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Unfortunately, You Died

slacker tombstone [1]

Note: The following is an excerpt from my new book, COMEDY WRITING 4 LIFE, which you can have a free e-copy of, just by sending your fruits of the following exercise to john.vorhaus@gmail.com [2].

 

Here’s the situation: Unfortunately, you died. Which makes your tombstone  your last shot at cracking a good joke. What could you put there that would make your mourners snicker? I’m not afraid of outcomes; I’ll go first.

Now I’m really bored.

I wonder if this thing’s loaded.

As if life insurance worked.

Who turned out the lights?

Slacker.

Different jokes work with different groups. My friends in the ultimate frisbee community, for example, will wet their pants over “Slacker,” for they know how much I love that word, and how I cherish Slacker Wednesday, the mid-day, mid-week ultimate frisbee game I founded in Los Angeles and branded thus: “Slacker Wednesday: It works because you don’t!” Others will roll their eyes and wonder. They won’t have enough information to solve the puzzle of the joke.

Don’t expect any joke to work for every audience, ever. Your audience exists on a bell curve. Some people won’t laugh because they lack key information. Others won’t laugh because they have too much information – maybe they’ve heard the joke before. Your target is always the BFM, or Big Fat Middle.

Did you know that you can tune a joke? You can, just by adding or subtracting information. This is how you turn a joke that doesn’t work into one that does. And this is why it’s so great to write jokes that don’t work: They form a bridge to jokes that kill. In The Comic Toolbox, I called these things jokoids, a term that has stood the test of time but is still not recognized by my spellcheck as a real word.

Okay, kids, go play tombstone. I’ll wait here.

How did you go about solving this problem? Did you think about your attributes, things that your friends make fun of about you? That would be fertile ground for tombstone jokes. Did you just cast your mind about at random? Did you visualize? The reason I’m asking these questions is to help you look at your process.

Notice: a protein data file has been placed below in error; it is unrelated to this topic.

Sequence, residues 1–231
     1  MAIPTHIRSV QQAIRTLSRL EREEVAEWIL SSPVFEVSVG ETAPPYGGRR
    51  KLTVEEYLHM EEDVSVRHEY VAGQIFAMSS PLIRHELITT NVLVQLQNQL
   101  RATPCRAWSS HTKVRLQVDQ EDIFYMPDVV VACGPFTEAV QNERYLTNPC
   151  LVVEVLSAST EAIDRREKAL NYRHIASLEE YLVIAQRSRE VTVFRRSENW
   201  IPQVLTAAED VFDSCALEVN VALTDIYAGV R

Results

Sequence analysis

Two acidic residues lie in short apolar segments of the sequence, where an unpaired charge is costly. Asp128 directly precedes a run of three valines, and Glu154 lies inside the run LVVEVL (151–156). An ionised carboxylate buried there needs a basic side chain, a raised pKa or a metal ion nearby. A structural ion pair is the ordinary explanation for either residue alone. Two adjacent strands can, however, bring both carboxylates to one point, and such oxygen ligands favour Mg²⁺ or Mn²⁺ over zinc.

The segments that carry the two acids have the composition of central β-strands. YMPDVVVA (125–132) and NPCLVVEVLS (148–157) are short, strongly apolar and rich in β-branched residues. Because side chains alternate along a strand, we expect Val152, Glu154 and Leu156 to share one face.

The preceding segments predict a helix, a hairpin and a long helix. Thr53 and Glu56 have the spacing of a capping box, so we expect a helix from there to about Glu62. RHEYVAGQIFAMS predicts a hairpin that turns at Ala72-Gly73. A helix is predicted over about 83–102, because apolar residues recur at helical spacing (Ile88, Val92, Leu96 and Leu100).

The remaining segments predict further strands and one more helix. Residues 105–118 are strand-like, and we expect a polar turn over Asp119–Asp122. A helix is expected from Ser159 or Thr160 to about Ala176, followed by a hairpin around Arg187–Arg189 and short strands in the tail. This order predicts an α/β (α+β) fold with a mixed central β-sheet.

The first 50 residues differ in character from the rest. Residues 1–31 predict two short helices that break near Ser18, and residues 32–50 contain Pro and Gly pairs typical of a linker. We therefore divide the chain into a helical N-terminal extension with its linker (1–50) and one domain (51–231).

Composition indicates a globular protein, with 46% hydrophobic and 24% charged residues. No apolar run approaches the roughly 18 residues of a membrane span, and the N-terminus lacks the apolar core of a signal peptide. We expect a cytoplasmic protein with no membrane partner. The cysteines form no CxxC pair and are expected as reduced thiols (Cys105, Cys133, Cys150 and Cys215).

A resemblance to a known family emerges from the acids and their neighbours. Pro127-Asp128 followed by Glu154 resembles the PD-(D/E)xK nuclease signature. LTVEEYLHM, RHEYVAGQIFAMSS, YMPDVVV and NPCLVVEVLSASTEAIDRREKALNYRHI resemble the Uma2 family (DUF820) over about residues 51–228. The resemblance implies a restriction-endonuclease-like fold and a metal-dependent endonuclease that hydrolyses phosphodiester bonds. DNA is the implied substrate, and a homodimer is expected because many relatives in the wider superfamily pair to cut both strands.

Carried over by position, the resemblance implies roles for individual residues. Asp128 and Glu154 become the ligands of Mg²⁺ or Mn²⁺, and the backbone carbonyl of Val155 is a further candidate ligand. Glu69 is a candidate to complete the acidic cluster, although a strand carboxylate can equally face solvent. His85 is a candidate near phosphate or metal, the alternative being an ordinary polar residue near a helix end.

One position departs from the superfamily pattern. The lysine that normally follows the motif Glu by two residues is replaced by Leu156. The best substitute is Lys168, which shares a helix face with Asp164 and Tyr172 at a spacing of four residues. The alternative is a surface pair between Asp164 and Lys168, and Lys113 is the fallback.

As you grow your  game you want to keep a good eye on your process. Ask yourself over and over again, How did I do that? How did I solve that problem? What tools did I use? That’s the heart of good creative practice. It works for jokes; it works for everything. So when you’re writing jokes, or writing everything, you should always be thinking about two things: your creative solutions; and how you arrived at them.

To write a successful joke is to solve a certain problem: How can I convey information in such a way as to make people laugh?

Sounds pretty dry when you put it that way. But that’s the stated problem, and it turns out that the better you get at stating your problem, the better you get at solving it.

The problem-solving goal here would seem to be self-evident: You want people to laugh at your tombstone. But there’s more to it than that, because what do you want them to laugh at? The frailty of human existence? The dumbass way you died? Some aspect of your personality that they know and understand? Some aspect of them that you’d like to make fun of? Those are four different targets you can hit, and you will hit all of them more easily when you see them more clearly.

So just be clear in your thinking. Know what problem you’re trying to solve, and then apply different strategies for solving it.